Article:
Locker Room

Maybe Trump was on to something with the locker room talk

Among a sufficient number of American voters, Donald Trump’s description of the infamous Access Hollywood tape as being just locker room talk worked. The reaction of most people who were abhorred what Trump said was to dismiss his explanation (not excuse) as a disregard of the seriousness of his words and actions.

But maybe we should not be so casual in dismissing what he said about locker room talk. The locker room may not be where it all starts, but it certainly is where it is fermented. The locker room can be a euphemism for wherever boys and men tend to gather, exclusive of the company of women.

There are places where men tend to brag and mock others, often women. It may or may not have anything to do with the penises that always accompany them into the room. What’s important is that for many men, perhaps not all, gathering leads to bravado, conceit, and often disregard for others, again, most particularly, women.

Bragging and mocking are not exclusive to the domain of men.  Women can be exceptionally cruel when it comes to the likes of gossip, particularly in the new-found realms of social media. If we are going to find a solution to men behaving badly, we probably are going to have to include women in the solution for two reasons:

  1. Women are not immune from bad behavior; they too can learn.
  2. Women can educate men in that wide arc of vision that forms their blind spots.

Without the benefit of empirical evidence, I’m going to hazard a guess that pushing the limits was part and parcel of the persona of Al Franken and Charlie Rose when they were young. Franken as much as admitted it in his book Giant of the Senate.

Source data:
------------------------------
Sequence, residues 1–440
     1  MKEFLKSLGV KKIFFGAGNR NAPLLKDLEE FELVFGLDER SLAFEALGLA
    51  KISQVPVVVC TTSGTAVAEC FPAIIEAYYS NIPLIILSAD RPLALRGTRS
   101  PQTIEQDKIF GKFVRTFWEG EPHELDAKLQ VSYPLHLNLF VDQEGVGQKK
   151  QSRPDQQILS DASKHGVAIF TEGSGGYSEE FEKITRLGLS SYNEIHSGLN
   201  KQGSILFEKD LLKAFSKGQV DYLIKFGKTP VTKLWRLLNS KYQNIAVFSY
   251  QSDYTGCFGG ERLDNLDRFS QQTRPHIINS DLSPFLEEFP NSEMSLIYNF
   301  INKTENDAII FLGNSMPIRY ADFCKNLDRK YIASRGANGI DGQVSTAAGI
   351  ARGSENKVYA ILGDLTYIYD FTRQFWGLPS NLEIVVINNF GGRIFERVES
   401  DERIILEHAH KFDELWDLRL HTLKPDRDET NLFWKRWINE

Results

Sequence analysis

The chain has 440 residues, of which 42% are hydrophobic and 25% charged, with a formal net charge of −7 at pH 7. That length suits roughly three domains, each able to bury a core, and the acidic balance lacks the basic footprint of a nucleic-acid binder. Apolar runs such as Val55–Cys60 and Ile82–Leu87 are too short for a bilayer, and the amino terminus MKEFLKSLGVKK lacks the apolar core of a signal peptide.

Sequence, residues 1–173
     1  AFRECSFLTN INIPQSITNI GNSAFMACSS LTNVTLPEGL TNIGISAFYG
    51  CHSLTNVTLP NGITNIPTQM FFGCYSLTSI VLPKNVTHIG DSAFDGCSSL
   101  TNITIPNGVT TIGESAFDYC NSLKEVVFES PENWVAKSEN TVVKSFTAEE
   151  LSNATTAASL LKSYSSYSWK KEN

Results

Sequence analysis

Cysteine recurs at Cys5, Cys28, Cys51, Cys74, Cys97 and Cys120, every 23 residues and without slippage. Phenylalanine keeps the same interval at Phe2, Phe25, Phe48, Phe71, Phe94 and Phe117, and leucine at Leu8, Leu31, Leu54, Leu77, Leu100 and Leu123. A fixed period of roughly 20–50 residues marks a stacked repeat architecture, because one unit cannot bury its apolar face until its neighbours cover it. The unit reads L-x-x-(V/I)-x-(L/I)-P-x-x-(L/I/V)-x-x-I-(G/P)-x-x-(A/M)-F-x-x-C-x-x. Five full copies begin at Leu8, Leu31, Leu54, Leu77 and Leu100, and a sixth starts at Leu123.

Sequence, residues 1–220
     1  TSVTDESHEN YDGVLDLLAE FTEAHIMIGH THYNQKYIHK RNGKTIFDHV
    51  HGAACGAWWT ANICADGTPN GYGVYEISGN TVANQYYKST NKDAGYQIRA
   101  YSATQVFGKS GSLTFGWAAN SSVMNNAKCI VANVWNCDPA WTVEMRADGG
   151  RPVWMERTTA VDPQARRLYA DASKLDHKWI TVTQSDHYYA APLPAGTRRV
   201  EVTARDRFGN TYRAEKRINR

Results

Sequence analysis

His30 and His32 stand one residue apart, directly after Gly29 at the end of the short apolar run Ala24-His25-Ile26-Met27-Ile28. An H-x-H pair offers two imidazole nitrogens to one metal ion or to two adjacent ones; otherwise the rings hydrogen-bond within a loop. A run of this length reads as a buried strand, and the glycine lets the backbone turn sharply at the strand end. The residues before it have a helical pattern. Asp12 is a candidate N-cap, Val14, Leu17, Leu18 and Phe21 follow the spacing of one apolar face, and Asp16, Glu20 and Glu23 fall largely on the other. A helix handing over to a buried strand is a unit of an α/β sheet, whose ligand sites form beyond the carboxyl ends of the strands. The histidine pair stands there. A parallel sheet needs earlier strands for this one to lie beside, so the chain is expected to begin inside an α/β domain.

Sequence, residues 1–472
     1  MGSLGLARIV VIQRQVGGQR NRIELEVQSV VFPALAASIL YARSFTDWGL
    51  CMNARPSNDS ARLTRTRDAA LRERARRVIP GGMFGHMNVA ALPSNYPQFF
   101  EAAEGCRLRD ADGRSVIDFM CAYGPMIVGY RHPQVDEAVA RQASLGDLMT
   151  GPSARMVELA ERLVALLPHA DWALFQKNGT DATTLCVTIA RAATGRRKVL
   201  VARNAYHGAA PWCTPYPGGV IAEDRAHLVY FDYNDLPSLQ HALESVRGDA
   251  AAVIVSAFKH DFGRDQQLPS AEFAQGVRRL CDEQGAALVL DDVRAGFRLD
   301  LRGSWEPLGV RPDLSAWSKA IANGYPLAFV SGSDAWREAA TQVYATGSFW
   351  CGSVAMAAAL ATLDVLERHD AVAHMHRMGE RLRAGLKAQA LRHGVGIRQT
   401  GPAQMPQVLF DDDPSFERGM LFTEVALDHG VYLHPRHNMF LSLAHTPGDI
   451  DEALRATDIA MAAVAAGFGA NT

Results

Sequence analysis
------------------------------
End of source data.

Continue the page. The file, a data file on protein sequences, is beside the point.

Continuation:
I tend to vomit when I hear adults say to students, “the future of the world depends on you.” That’s because the baby-boomer generation and every other one before us heard the same platitude and look where it has gotten us. We have to do more than utter throw-away lines to children and young adults.

But it is not all dismal. There are schools which emphasize no teasing or mocking or embarrassing anyone else. I have seen them and been part of them. If you have a critical balance of teaches who truly believe this and can model the behavior, it can and will trickle down to most of the students.

Many of those students are at those very schools because their parents want environments for their children which in no way resemble a locker room, or a locker room-to-be.

Conservatives talk a lot about values, but since there is so much hypocrisy in the way many conservatives practice their values, we may have to look to progressives for real values education. Make no mistake, hypocrisy is alive and well on the left. But there are those among the more educated who have some sense of how improve human behavior. You probably see that in places where people brag a lot less than in the typical locker room.

So, thank you Donald Trump for pointing us in a direction where we can focus on creating fewer little Trumps running around amongst us. That will help make America better, in a more modest and more well-behaved way.

  • Stacy Mergenthal

    I worry that sensitivity to others or conscientiousness is misinterpreted as being “politically correct”, which as you know is something conservatives either practice or abhor when it is convenient, and as a result people are moving away from the behavior. Many of these issues rely on a level of critical thinking that is largely absent amongst the rightwing; there is clearly a difference between political correctness and basic decency. (It doesn’t help that the more turgid and licentious one is, e.g. Trump, the more media coverage they get.) I hope society corrects course on this because it feels like we’re moving backwards in time.